I called my Mom after work this evening to check and see if she was blogging tonight and when she said she wouldn’t be able to just yet I decided I would throw a little random post your way. Since I’m out of classes, you might find some random or boring (??) discussions on this here blog every now and again. What you’ll find here tonight is meant to be less of an assertion than it is a discussion about some new thoughts I find intriguing.
Last summer I read a book called Ain’t Too Proud To Beg: Living Through the Lord’s Prayer by Telford Work (2007). Dr. Work is assistant professor of theology at Westmont College. I don’t know him personally but I enjoyed him to no end through his writing. His book is a rare and thrilling infusion of disciplines. I don’t want to summarize or review this unique book here, but it is certainly worth a read. Even if you disagree with Work at various points, I promise you’ll learn some things along the way. Plus, in your heart of hearts you know you feel compelled to read a book by an author named “Telford Work.”
As I do with all the books I really love, I picked the book up again last night and started flipping through it and glanced over the places where I had highlighted or made notes in the margin. I loved this book so much that even my revisiting of it took me all the way to the epilogue. The epilogue is composed of several of Work’s sermons. One of these sermons in particular caught my attention. In this sermon entitled “You Can Say That Again,” Work coins a phrase, “culture of sorrow.” He uses it in reference to our own culture and “the common sensibility that life’s true character is misfortune and that sadness rules over us” (226). He says:
“In our culture of sorrow, sadder is cooler. Joy may be desirable, but it’s not fashionable. What is? Ask the fashion industry! Does that look of aloof, disheveled, emaciated, sophistication strike you as happy? Me neither. But it’s cool! Or name a big pop band that has looked happy in its photos since the Beatles in 1964. Cool means hard stares, angry sneers, lust, and brooding . . . angst, ennui, existential despair, cynicism, political decline, environmental catastrophe, and social alienation . . . Master these and you’ll be the life of the dinner party” (226).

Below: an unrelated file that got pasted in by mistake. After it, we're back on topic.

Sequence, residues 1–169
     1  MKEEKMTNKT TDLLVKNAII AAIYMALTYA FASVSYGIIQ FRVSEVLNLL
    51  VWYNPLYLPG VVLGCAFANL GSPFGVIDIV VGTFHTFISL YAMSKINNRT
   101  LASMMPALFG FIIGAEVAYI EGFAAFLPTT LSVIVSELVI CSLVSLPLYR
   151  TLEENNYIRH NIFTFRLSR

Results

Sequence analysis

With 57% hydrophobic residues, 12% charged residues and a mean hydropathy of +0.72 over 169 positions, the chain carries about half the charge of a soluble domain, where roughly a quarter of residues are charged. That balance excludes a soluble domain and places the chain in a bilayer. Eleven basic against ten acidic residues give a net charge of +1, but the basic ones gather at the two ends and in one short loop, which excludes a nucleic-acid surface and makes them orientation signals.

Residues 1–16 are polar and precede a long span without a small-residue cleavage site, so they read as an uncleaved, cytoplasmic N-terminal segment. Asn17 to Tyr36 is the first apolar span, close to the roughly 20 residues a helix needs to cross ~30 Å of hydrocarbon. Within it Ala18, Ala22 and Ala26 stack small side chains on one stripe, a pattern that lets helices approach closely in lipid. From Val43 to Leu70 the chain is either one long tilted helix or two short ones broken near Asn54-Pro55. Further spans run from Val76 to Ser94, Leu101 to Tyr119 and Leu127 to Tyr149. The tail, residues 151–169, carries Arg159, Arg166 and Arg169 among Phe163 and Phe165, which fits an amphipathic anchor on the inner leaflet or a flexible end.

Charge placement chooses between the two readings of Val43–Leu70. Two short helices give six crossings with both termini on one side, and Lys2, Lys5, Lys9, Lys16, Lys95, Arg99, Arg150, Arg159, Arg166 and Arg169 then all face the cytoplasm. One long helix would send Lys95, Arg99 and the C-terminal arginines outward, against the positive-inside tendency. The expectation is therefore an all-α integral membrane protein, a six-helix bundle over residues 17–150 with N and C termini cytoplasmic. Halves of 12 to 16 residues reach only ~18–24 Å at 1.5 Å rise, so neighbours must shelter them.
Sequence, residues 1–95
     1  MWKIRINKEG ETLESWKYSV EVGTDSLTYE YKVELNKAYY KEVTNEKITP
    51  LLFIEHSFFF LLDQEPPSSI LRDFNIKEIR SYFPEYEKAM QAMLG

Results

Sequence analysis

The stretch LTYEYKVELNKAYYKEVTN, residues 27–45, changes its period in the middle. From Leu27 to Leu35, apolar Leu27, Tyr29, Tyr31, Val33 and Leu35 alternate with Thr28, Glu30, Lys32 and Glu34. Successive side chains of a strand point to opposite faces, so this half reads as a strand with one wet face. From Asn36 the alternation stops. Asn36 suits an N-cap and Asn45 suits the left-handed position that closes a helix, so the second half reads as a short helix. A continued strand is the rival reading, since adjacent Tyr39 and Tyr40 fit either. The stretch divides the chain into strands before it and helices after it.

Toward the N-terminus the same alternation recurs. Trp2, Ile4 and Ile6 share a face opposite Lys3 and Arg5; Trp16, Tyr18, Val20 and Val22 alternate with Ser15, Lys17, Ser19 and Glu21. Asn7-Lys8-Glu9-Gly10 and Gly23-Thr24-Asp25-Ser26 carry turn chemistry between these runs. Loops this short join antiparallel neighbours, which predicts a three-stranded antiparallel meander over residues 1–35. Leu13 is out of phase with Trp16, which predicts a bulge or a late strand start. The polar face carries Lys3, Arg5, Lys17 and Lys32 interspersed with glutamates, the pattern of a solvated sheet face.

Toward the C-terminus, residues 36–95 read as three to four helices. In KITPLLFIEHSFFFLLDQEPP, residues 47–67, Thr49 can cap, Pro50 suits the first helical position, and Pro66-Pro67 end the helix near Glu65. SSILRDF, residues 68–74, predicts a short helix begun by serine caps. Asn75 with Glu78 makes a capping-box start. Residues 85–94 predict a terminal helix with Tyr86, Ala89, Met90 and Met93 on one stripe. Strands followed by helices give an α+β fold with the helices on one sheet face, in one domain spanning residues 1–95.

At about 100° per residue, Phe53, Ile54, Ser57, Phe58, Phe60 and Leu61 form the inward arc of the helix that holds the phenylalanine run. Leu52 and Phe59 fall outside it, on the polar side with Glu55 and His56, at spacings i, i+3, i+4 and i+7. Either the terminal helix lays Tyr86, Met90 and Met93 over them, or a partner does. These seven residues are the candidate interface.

And taking it further, he says again:
“In our culture of sorrow, sadder is wiser. Misery has become our myth, our metanarrative. Joy is liable to be taken as immaturity or ignorance . . . If you want an Oscar, don’t go with a so-called Hollywood ending. Go with a gut-wrenching tragedy like Million Dollar Baby . . . Sadder is deeper. . . What moves a personal relationship from small-talk pleasantries to greater sincerity? Telling the truth, of course. And for us the deepest truth-telling generally involves the disclosure of pain, hardship, and anxiety. Relationships tend to deepen from shallow happiness to more authentic sorrow . . . Sadder is greater . . . Anger, fright, and fantasy bring out voters and volunteers, not joy. Fear and greed drive the economy, not joy. Sorrow acts and we react. It calls the shots” (227).
Brief Tangent: If you’re like me, you are becoming increasingly suspicious of the phrase “in our culture” because it is used so often to introduce all kinds of authoritative but contradictory statistics. I use this phrase “in our culture” out of sheer habit and because it is so delightfully malleable but I always question myself when I use it because I know full well it is typically going to introduce a generalization. Having said that, some generalizations are more legitimate than others. So even if you’re like me, and you’re super skeptical and annoying, you have to hand it to Work because his “culture of sorrow” idea sure seems to describe a significant aspect of our culture even if you don’t agree that it is indicative of our culture across the board.